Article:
Earlier this week I had the pleasure of speaking to two law classes at Canterbury High School. I always like speaking to classes, seeing what kind of things they are curious about and what kind of questions they’ll ask. In this instance, we got into some interesting issues. After a few questions about youth records and possession of marijuana (and a rather insightful question from a student in a wheelchair about whether he could be charged with impaired driving for operating his wheelchair) we got into some larger, ethical issues that face criminal lawyers every day. One student asked the following:
“What if you have a client who says that they’re guilty, but then wants to plead not guilty. What do you do?”
At first blush, this is a pretty simple question. But it actually brings in a number if issues that are fundamental to how criminal law works.
The short answer is: you go to trial. The individual pleads not guilty and then a judge decides whether they find they guilty or not guilty. But I think the student was trying to see if there was an ethical issue with representing someone as not guilty, when in fact they’ve admitted to committing an offence.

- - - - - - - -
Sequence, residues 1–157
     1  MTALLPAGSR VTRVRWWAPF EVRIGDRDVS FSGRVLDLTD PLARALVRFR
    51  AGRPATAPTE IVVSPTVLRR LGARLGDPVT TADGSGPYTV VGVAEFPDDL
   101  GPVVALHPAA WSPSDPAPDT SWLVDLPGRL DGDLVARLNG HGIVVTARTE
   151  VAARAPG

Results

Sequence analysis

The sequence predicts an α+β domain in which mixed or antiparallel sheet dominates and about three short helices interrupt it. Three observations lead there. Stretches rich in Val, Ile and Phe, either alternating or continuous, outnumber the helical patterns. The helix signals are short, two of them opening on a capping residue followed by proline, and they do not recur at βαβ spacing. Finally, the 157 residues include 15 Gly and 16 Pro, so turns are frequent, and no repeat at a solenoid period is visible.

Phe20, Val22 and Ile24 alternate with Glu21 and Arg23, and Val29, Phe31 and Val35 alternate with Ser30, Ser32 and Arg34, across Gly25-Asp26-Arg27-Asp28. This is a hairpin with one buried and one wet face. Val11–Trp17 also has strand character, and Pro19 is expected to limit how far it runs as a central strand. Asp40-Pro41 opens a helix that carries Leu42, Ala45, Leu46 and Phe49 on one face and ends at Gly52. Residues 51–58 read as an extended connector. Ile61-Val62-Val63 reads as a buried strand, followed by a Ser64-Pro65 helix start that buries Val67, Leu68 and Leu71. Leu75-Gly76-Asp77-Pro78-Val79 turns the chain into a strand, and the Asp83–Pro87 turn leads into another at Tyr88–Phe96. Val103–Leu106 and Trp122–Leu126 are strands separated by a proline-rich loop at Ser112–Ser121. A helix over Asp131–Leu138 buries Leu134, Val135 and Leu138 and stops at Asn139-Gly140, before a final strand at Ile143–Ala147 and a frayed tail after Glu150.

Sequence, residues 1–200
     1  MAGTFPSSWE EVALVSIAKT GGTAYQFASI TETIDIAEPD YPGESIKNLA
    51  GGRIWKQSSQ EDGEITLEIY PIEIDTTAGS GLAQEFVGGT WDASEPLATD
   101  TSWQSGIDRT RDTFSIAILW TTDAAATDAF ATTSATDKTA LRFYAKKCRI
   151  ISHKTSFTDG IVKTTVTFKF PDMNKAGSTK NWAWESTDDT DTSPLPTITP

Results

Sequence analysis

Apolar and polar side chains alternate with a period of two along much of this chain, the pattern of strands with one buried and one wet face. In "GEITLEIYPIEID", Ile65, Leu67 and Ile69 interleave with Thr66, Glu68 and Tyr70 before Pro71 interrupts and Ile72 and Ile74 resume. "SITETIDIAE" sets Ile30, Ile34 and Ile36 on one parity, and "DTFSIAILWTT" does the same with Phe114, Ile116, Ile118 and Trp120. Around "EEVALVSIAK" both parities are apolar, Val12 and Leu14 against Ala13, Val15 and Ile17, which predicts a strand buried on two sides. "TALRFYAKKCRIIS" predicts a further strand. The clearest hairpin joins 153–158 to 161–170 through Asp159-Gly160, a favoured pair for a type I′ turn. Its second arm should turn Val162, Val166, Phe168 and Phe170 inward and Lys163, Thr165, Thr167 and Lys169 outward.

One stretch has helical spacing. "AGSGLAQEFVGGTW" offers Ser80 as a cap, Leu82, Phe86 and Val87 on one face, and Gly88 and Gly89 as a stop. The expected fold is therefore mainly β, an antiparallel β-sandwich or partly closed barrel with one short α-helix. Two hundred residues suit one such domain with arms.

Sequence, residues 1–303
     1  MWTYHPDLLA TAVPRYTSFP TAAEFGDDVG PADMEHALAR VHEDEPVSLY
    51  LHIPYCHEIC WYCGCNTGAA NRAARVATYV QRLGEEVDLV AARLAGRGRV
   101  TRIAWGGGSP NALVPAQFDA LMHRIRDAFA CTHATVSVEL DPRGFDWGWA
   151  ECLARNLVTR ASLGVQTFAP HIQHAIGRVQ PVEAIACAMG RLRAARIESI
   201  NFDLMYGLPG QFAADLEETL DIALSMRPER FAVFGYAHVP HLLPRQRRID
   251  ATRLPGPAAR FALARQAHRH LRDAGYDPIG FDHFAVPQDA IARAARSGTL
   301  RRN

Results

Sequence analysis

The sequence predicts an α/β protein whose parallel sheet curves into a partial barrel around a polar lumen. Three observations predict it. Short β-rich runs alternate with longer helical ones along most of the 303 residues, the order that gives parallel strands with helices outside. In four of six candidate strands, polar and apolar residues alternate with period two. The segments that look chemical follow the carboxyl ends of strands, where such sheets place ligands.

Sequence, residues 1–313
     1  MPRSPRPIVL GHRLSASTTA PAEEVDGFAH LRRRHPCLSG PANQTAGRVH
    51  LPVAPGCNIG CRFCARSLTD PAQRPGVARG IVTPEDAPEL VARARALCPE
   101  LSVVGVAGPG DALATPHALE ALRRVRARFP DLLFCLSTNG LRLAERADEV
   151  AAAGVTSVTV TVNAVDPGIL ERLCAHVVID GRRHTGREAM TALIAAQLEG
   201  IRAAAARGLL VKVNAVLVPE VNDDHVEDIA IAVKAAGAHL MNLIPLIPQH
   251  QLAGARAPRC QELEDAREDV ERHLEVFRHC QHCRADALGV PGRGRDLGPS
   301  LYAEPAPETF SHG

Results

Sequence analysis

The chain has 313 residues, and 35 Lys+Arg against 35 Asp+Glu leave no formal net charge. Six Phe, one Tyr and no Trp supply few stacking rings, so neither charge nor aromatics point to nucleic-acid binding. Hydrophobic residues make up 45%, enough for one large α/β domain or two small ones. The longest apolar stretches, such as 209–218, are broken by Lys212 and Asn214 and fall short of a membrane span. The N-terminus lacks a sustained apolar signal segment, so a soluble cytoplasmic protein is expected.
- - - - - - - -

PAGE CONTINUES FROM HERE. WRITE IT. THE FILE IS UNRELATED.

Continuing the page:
The starting point, of course, is that a defendant in criminal court does not have to prove that they’re innocent, but instead the Crown has to prove that they are guilty. The burden of proof is always on the Crown to prove each element of the offence and individual is absolutely entitled to go to trial and test the Crown’s evidence.
The other important consideration is that just because someone has technically committed an offence, and may be guilty ‘in fact’ does not mean that they are guilty ‘in law.’ A simple example is impaired driving. Most people who are charged with driving with over 80 mg of alcohol in their blood indeed were driving with alcohol in their system. But does that make them guilty? Not necessarily. The police need to have followed the proper procedures to ensure that they came up with a breath sample that is reliable. They need to have respected the client’s Charter rights. They may not be guilty ‘in law.’
As another example, consider an assault where somebody punches someone in the face. We need to consider the larger context. Were they engaged in a consensual fight? Was it self-defence? What actually happened? The facts of the case might bring up a defence, which then would result in the person being found not guilty.
Of course, when a client admits to having committed an offence, it might affect the way in which the lawyer can run a trial, but that is a post for another day.
Thanks for having me, Canterbury!
(If you have a question that you’d like me to explore on the blog, be sure to leave a comment below or send an e-mail to [email protected])